From RT , Russia [grammatical errors not corrected]:
On her father: "He was always respectful of people."
On whether or not Cuba is a dictatorship: "Solidarity, respect, love for other peoples and self-sacrifice for the good of others are the principles which are Cubans taught. How can you associate that with a dictatorship? I think it’s impossible."
On the so-called embargo: "If the embargo was lifted today, Cuban economy would be thriving tomorrow."
The whole chamber pot of ordure can be found HERE
Yeah. Sure. The whole interview has the same stench as the quotes above. But you do have to thank RT for at least one thing. These two photos below were published along with the interview.
The photos speak for themselves about the great "triumph" of the so-called Revolution.
Unfortunately, of course, they were probably interpreted as proof of the great advances made by the Castro regime. After all, most Russians and First-Worlders think that Cuba was worse than this before the Castro brothers and Che came along. And they also prefer to believe liars such as Aleida Guevara. Idiots.
Those who run Castrogonia and the Castro health care system know that they can't really deal with Ebola, despite the fact that they've sent scores of Cubans to deal with the plague in Africa.
Proof of this surfaced today.
A Cuban doctor infected by the Ebola virus is NOT being flown back to Castrogonia for treatment, but rather to Geneva, Switzerland.
The rescue is NOT being carried out by his own nation, but by an airline from the United States and the World Health Organization. The Castro regime has made it very clear that no Cuban infected with Ebola can return to his native land for treatment.
How about that?
Don't expect any major news agency to focus on this aspect of the story. No. Instead, this will be covered as yet another example of Castronoid altruism.
From Rebel Youth Lite (Reuters):
Ebola-infected Cuban doctor to be flown to Geneva for treatment
A Cuban doctor infected with Ebola in Sierra Leone will be flown to Switzerland in the next 48 hours for treatment in a Geneva hospital, Swiss health authorities said on Wednesday.
The doctor, identified by Cuban officials as Felix Baez, is one of 165 Cuban doctors and nurses treating Ebola patients in Sierra Leone. He is the first of the group, deployed since early October, known to be infected by the virus that has killed more than 5,400 people.
Baez is being evacuated from the West African country by a private American carrier, with the help of the World Health Organization, the Swiss Federal Office of Public Health said in a statement. The WHO said it had no comment on the case.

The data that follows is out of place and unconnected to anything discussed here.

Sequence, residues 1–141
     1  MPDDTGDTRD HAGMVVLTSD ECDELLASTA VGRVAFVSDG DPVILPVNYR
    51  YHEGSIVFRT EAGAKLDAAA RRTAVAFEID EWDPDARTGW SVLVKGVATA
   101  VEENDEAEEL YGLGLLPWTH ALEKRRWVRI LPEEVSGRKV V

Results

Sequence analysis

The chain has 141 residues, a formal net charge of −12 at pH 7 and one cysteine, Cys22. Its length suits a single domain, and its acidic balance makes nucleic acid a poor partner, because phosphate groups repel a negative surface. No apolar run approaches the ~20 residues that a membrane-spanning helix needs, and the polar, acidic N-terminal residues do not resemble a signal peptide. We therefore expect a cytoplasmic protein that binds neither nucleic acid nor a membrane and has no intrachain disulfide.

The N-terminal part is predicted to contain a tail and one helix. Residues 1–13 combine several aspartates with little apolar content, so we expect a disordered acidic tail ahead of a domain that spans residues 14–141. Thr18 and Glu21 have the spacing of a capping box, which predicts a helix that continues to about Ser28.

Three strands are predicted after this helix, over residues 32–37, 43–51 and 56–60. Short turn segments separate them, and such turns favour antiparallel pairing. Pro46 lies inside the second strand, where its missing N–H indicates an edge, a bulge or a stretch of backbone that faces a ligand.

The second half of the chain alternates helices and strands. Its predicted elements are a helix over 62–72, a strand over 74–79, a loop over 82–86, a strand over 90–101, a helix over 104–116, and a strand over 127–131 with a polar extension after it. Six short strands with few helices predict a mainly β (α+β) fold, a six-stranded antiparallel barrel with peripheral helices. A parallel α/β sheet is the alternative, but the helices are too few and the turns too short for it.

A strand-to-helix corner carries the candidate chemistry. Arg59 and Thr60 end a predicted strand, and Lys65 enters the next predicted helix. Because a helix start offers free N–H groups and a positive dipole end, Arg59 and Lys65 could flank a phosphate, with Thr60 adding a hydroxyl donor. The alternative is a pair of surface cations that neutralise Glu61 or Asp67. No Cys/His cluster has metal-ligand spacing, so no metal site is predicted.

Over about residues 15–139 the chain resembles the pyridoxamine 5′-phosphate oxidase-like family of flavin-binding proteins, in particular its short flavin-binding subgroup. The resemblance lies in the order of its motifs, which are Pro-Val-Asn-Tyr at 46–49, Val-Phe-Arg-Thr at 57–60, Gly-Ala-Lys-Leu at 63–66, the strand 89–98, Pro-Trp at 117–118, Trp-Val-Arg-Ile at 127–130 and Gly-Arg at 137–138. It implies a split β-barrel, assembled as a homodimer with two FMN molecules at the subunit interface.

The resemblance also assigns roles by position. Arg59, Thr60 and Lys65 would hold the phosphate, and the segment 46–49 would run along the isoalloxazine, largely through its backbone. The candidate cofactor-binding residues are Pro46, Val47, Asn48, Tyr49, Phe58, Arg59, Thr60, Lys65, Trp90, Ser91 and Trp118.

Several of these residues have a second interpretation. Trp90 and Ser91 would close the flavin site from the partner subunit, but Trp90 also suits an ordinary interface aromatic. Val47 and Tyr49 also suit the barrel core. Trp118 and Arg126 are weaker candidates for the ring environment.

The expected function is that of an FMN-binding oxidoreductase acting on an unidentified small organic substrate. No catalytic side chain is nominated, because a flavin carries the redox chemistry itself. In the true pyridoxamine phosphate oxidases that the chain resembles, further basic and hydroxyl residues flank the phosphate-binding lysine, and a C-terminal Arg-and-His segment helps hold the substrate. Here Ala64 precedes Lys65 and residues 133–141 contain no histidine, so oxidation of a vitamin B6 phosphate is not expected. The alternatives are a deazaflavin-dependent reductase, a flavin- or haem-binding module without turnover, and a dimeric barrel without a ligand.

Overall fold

"The University Hospital of Geneva, where he will be brought, is ready to admit him in accordance with long-established procedures that will ensure the security of all staff and patients," the Swiss statement said.
A Geneva doctor specializing in infectious diseases is organizing his care in a special hospital room separate from other wards and outpatient clinics at the downtown hospital, it said. "The Swiss population is not at any risk."
Hospital staff have been trained and rehearsed procedures to put on and remove protective gear, the Swiss statement said.
Go HERE for more in-depth coverage of the wonderful way in which the Castro regime is dealing with Ebola in Africa.
A refresher on the Castro regime's drug trafficking history from John Suarez in Notes from the Cuban Exile Quarter:
Not prudent to exchange intelligence on drug trafficking with Cuban dictatorship
Chutzpah Alert May 31, 2010: Fidel Castro says U.S. must deal with Drug Problem / Latin American Herald Tribune
Manuel Noriega and Fidel Castro
Seeing General Barry McCaffrey at the Congressional hearing on Cuba last week was a blast from the past. On August 28, 2001 I attended a presentation by General McCaffrey at Georgetown University and heard his concerns about a possible relationship between Castro and Colombia's drug-trafficking guerrillas. Despite this admission, prompted by a number of questions I raised with him at the same time he argued for sharing drug intelligence with the Cuban government.
General McCaffrey and others who advocate sharing drug intelligence with Cuba seem unaware of several federal indictments and two investigative TV reports, one broadcast in July 2001, linking Cuban officials, including Fidel Castro and his brother Raúl, to drug cartels:
-In 1989, a federal grand jury indicted Robert Vesco for arranging safe passage for drug planes over Cuban airspace after obtaining approval from Cuban authorities.
-According to the 1989 indictment, Reinaldo Ruiz was allowed to land planes in Cuba to refuel after dropping drug cargo off the Cuban coast. Drug-smuggling motorboats would come from Florida to pick up the cargo, and Cuban Coast Guard radar monitored U.S. Coast Guard cutters to help the smugglers evade them. The indictments demonstrated the foolishness of sharing intelligence on drug operations with Havana.
-According to the U.S. indictment of Panama's Manuel Noriega, he traveled to Cuba in 1984 after Castro offered to mediate a disagreement between the drug cartel and Noriega.
-In a 1991 Frontline documentary, Cuba and Cocaine, U.S. Coast Guard Lt. Commander Jeff Karonis, stated, "We would observe in the middle of the day an air drop going on inside Cuban waters. The scenario would be for a small twin-engine airplane with maybe 1,000 to 2,000 pounds of cocaine to fly over Cuba, drop the drugs to a predesignated rendezvous point to several boats. Then it would exit back down off Cuba, and many times a Cuban military vessel would be in the immediate vicinity, right on scene with them.''